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Do not decrypt until ...

Time-release private keys
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A website which publishes a list of public keys, one for every day of the coming timeperiod. When each day arrives, the corresponding private key is published.

This would be useful for those times when you would like to make sure something is widely published, but not readable until a specific day, such as a note explaining why you killed all those people. It would also be useful for things such as keeping the combination lock code on your cookie jar a secret from yourself until the day your diet is scheduled to end.

idris83, Apr 09 2011

Rivest, Shamir, Wagner: Time lock puzzles and timed-release crypto http://www.google.c...7Nlc0YjspvQ&cad=rja
I would have linked to a copy of Timothy May's cypherpunks post, but those pointers seem to lead to dead ends. I also can't imagine that this wasn't discussed before '93. [jutta, Apr 09 2011]

Time Capsule encryption Time_20Capsule_20encryption
Essentally the same idea. But I guess you made it succinct. [mofosyne, Apr 10 2011]

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       It doesn’t even have to be a website, it could just be an internet protocol. Perhaps a snazzy extension to NTP.
Ian Tindale, Apr 09 2011
  

       die katze kroch in die krypta, kackte und kroch wieder heraus.
po, Apr 09 2011
  

       simple, useful, original. Big tasty bun.
Voice, Apr 09 2011
  

       The general problem is called "timed-release cryptography". It would be nice to have a solution that doesn't require online access and doesn't involve trusting a third party.
jutta, Apr 09 2011
  

       Has anyone proposed using the trajectories of asteroids for timed release cryptography? I'm assuming they're chaotic, thus computable, but only with very large computers, analogous to factoring large numbers. But unlike factoring, if you wait for the appointed date, you can (in principle) determine the key with nothing more expensive than a telescope.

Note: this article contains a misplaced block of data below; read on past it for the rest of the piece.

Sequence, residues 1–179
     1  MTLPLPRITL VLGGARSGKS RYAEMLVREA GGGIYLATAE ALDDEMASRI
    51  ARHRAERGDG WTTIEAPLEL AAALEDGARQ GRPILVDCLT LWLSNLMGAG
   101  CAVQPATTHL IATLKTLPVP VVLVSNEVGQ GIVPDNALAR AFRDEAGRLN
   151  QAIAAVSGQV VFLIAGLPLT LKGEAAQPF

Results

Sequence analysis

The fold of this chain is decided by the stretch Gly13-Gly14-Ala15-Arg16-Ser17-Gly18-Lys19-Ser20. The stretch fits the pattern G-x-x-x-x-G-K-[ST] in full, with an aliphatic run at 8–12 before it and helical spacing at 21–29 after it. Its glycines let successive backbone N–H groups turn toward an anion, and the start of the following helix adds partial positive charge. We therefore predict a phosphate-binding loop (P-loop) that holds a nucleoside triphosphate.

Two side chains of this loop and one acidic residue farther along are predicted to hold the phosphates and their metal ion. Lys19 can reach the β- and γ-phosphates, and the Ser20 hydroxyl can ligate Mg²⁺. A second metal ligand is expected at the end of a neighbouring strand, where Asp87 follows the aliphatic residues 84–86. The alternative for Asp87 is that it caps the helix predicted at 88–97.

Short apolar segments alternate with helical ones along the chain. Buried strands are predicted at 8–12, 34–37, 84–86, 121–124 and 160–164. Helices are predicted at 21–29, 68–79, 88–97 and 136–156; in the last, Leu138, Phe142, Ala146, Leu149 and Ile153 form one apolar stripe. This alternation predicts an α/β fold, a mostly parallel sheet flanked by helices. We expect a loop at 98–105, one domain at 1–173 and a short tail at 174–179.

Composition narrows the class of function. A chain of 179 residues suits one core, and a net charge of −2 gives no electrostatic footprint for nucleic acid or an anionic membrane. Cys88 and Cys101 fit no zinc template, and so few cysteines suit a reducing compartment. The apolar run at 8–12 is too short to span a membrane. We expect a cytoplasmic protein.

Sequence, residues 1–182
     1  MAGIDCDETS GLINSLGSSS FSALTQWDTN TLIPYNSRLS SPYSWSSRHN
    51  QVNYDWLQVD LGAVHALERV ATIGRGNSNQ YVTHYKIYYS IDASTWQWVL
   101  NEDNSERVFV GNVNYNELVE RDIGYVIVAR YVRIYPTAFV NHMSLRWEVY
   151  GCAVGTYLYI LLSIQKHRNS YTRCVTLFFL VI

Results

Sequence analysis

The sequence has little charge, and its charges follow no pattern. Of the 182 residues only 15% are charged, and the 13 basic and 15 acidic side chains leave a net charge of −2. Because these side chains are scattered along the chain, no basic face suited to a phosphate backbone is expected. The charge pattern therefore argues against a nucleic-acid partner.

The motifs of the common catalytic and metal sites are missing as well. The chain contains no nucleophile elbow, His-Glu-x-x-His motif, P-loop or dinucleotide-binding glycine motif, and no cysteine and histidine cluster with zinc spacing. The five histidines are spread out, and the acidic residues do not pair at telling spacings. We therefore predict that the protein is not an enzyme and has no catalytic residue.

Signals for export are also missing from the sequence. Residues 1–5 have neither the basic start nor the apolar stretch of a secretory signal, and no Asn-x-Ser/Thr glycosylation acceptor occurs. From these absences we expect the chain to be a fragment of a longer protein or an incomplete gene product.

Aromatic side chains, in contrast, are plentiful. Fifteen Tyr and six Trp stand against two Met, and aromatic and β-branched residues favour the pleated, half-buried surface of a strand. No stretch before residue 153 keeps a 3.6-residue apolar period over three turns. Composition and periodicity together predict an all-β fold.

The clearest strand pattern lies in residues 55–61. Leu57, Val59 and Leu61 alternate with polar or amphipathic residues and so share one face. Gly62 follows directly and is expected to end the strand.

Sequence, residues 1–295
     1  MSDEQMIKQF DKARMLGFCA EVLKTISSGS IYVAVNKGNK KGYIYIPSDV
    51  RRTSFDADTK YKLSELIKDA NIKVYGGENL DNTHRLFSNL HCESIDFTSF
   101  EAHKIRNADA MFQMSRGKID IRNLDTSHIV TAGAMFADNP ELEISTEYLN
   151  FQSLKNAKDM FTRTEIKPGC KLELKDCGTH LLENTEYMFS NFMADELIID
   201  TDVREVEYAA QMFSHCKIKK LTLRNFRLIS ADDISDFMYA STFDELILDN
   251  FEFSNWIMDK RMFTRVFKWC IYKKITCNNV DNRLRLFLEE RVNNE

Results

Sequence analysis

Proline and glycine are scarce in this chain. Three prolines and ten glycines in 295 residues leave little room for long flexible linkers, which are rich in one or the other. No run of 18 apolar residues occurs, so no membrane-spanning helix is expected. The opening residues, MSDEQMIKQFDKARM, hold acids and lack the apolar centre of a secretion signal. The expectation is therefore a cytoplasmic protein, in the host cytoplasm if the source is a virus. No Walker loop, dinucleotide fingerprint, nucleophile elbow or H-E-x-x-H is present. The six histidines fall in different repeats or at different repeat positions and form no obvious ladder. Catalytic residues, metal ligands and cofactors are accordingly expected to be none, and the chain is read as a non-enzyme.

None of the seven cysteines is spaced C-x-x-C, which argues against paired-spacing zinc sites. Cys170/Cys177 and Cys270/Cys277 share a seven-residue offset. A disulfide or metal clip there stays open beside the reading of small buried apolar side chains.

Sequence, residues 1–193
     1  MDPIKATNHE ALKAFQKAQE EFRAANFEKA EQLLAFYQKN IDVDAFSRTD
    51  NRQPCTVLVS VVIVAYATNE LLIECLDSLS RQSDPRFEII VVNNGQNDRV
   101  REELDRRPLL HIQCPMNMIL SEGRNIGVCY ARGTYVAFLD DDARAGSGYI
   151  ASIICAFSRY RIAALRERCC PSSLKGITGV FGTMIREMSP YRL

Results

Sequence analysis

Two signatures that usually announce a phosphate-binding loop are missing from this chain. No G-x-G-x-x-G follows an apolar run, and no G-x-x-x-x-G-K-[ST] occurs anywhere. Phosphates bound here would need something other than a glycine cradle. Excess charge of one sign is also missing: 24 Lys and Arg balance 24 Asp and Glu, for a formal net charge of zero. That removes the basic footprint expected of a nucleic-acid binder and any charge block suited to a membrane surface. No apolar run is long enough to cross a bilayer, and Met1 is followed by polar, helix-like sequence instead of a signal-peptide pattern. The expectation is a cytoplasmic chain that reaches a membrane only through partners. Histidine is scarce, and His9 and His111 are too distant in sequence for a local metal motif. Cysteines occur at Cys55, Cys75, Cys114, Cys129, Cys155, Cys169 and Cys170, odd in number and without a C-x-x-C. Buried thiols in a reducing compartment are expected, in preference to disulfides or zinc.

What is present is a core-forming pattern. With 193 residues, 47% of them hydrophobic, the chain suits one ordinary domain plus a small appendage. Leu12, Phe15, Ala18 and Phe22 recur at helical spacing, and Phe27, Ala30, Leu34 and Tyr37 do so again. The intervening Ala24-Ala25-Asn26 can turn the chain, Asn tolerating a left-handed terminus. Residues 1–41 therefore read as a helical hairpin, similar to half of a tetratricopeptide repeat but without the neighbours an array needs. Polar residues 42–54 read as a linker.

This avoids the requirement for online access, though one still has to trust a third party with a very large computer
mouseposture, Apr 09 2011
  

       // The general problem is called "timed-release cryptography" //   

       I see, so it's a known problem. But are there any public servers actually implementing this, right now?   

       I'm considering setting one up myself but my VPS wouldn't be able to generate enough entropy to come up with this many keys unless I sit there logging in and out all day )-:
idris83, Apr 09 2011
  

       An associate was telling me of a service in germany that will embed code into your online profile photos, so on a certain preset date they will expire and the companies logo will show up.   

       Though the intent of the software is to allow people how long someone can access your photos, I was most interested by how the image flips to the companies logo, like a kind of timed steganography.   

       Using the same basic Idea, I imagine one could post boring photos all over the net that would on some date the photo would change to a treasure map or any other information that can be represented visually.
bob, Apr 09 2011
  

       Wouldn't time released private keys be a lot more vulnerable? I imagine there are a dozen ways you manipulate the time on a box and change it to the year 3000 or something..
bob, Apr 09 2011
  

       As far as I know "The Military", whoever they are, have researched several of the; do not decrypt if <not at location>, or do not decrypt until <third party criterion=true>, or do not decrypt until <time=t>, amongst others. Most of these rely on zero-knowledge proofs for a challenge response authorisation. The underlying encryption protocols remain in use.
4whom, Apr 10 2011
  

       Why not just write the key on the asteroid.
spidermother, Apr 10 2011
  

       at 4whom: So you're thinking the time criteria wouldn't be checked internally, but would be done by some 3rd party computer? interesting! I suppose in that case packet injection or ID spoofing might be possible right? or maybe take over the 3rd parties computer?